TO THE EDITOR
We read with interest this retrospective study by Bohra et al. We thank the authors for sharing their real-life data in which they looked into the natural history of patients presenting to the gastroenterology inpatient service with refractory/recurrent hepatic encephalopathy (HE) and use of Rifaximin.
Rifaximin’s efficacy in the treatment of acute episodes of HE, and prevention of recurrent episodes of HE has been demonstrated in several randomized control trials. Its role within these contexts has been supported by the international guidelines. The prognostic benefit of Rifaximin in the treatment of HE has also been studied. In a metanalysis which included 5 randomized and 5 observational studies involving 2276 patients suggested that the combination therapy (rifaximin plus lactulose) reduced mortality and improved clinical efficacy. Combination therapy, as compared to treatment with lactulose alone, revealed comparable results in clinical efficacy (95%CI: 0.16–0.35, NNT 4) and mortality (95%CI: −0.33–0.12, NNT 5) when reviewing the pooled results of all the randomized studies.
In the current study by Bohra et al, the authors concluded that the use of Rifaximin failed to have prognostic impact on the outcomes of patients with decompensated liver disease. The probability of survival at 12 mo was 44% for the entire cohort, seemingly no different to the survival figures from studies in the ‘pre-rifaximin era’.
However, the results should be interpreted within the context of inherent flaws of the retrospective design of the study and lack of a control arm.
As acknowledged by the authors, in the majority of cases their HE was a complication of the major prognostically significant decompensatory events including ascites, spontaneous bacterial peritonitis and gastrointestinal bleed. Therefore, simply treating HE may not have an impact on the natural progression of the disease in such an advanced stage. Not surprisingly, inpatient mortality of the patients during the same admission, prior to discharge was 22%. In a study using the Canonic database, Cordoba et al described a marked survival difference whether or not HE occurred in presence of acute-on-chronic liver failure (ACLF). ACLF associated with HE had poorer prognosis and occurred in context of active alcoholism, sepsis, severe liver failure as compared to patients without ACLF, where HE occurred in older cirrhotic, inactive drinkers, without evidence of systemic inflammatory response or severe liver failure and often in relation to opiates use or diuretic.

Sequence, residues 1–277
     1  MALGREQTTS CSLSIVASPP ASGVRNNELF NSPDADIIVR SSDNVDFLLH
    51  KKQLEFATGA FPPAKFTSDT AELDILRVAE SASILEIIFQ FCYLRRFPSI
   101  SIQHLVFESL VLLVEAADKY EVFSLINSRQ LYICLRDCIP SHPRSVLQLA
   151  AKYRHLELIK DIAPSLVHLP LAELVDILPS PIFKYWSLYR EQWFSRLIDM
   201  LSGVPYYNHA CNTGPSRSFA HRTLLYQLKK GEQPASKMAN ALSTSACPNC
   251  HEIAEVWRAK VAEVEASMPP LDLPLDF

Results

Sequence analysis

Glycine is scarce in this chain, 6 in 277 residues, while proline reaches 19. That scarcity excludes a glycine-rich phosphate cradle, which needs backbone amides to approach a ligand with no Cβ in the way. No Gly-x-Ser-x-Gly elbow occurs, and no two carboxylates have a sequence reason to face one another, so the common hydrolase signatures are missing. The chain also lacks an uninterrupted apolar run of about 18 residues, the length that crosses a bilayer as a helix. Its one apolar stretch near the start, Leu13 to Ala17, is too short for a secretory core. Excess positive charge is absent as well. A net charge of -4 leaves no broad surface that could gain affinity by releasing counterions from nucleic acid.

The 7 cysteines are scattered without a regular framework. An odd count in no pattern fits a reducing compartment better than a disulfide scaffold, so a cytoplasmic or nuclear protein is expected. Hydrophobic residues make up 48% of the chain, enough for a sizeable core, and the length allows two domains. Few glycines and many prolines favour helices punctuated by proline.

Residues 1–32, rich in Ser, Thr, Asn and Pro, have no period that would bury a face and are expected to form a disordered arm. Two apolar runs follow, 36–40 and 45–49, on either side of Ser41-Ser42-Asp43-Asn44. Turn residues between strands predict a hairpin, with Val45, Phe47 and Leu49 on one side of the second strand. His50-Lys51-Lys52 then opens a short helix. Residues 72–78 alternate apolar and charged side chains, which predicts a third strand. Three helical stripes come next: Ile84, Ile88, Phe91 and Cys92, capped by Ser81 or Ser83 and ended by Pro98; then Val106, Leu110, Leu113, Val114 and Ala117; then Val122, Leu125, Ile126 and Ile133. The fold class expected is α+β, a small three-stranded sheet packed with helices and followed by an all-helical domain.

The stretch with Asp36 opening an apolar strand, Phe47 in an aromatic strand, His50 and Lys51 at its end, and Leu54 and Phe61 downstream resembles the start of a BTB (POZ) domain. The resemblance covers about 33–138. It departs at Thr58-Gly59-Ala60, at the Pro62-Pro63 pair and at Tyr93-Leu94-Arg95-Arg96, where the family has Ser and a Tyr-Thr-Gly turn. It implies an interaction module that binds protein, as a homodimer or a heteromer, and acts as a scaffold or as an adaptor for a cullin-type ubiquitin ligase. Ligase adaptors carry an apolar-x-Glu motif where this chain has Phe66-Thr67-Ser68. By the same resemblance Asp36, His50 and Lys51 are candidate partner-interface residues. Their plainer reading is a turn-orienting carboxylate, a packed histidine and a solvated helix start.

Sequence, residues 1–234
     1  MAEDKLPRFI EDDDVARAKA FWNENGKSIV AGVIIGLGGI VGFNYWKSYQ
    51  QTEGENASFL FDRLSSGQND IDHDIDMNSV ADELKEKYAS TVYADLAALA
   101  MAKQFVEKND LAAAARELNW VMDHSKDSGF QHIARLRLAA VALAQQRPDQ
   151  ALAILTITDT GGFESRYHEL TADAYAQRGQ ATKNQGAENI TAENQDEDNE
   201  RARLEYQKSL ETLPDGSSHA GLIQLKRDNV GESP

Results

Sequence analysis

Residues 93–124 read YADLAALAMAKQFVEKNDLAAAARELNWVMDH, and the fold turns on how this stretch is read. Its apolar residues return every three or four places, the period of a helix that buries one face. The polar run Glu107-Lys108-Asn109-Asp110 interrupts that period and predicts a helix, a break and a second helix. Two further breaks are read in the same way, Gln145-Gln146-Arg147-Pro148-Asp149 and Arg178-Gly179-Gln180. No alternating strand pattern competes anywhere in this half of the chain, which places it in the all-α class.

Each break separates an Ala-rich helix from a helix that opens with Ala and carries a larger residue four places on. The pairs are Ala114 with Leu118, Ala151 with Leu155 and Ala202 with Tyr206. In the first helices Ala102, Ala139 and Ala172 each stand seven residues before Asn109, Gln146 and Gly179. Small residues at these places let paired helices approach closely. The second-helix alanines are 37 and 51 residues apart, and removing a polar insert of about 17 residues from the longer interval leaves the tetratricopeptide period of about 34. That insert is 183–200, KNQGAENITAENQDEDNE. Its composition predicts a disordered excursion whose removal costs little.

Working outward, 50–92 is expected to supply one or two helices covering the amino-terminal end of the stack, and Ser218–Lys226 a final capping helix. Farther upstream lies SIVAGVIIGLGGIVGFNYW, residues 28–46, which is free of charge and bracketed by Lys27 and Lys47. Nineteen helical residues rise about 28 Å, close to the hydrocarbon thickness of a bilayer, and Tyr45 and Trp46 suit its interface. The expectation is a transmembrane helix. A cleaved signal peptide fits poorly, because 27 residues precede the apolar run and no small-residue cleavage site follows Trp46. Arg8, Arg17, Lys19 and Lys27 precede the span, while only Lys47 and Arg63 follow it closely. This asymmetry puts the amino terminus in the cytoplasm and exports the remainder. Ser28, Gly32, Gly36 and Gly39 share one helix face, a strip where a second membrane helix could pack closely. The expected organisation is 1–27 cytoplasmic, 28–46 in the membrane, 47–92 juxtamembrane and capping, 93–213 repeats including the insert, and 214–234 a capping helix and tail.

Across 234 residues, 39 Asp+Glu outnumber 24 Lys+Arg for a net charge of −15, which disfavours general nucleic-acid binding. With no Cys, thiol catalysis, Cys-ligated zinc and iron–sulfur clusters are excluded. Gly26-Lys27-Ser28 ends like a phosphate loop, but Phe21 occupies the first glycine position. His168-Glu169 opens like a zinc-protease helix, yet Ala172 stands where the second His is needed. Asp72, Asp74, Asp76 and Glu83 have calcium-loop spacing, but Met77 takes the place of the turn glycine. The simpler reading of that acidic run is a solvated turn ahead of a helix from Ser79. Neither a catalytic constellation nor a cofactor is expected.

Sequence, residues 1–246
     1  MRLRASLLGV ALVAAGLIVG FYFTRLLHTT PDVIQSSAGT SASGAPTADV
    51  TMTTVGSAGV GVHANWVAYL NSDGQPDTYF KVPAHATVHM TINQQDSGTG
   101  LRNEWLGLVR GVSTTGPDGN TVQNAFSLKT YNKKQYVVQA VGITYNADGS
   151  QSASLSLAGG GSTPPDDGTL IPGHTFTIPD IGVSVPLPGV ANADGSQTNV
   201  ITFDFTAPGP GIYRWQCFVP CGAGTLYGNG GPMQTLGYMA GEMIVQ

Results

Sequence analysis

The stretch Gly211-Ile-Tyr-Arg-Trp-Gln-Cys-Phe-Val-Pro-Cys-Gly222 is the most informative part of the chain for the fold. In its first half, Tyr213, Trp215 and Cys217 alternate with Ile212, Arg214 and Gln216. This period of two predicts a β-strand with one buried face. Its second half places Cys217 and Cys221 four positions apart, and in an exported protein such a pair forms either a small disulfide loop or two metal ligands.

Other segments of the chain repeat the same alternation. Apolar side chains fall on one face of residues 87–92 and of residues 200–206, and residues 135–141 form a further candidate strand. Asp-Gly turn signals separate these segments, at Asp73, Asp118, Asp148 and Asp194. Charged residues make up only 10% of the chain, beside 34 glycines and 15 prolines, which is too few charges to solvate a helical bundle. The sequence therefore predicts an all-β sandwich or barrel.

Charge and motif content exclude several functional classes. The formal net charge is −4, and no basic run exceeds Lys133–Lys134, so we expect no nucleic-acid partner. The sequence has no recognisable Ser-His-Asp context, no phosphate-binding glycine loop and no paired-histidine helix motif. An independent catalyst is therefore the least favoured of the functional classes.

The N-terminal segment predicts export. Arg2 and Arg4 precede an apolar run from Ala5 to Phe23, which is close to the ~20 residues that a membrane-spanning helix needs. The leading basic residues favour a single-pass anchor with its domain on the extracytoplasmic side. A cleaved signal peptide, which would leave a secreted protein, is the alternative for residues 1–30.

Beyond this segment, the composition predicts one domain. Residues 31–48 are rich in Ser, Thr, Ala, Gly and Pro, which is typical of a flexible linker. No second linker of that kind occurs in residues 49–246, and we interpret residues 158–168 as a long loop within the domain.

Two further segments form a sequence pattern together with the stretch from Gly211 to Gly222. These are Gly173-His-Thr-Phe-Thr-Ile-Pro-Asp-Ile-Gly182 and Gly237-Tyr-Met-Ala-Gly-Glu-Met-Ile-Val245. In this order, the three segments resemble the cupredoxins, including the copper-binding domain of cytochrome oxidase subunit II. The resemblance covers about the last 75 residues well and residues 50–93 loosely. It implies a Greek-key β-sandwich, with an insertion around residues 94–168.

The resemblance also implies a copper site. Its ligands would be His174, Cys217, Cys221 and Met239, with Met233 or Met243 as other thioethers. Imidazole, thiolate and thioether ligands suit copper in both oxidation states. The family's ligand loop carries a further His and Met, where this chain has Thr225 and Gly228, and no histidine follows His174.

Indeed, in the current study, the two most common aetiologies include alcohol (62%) and Hepatitis C (31%) with an average total Bilirubin of 151 moL/L and INR 2. It is possible that a significant proportion of these patients may have active alcoholism and alcoholic hepatitis with a distinct clinical course and is associated with a high short-term mortality. Also, it would be interesting to know how many of those Hepatitis C cirrhotics had active infection as opposed to the patients who have had viral eradication, as achieving sustained virological response is associated with disease regression and prolonged survival.
Finally, assessment for sarcopenia is a prognostically significant variable which also has impact on the presence and severity of HE. Its assessment would have been of immense importance in the prognostication of liver disease and mortality risks.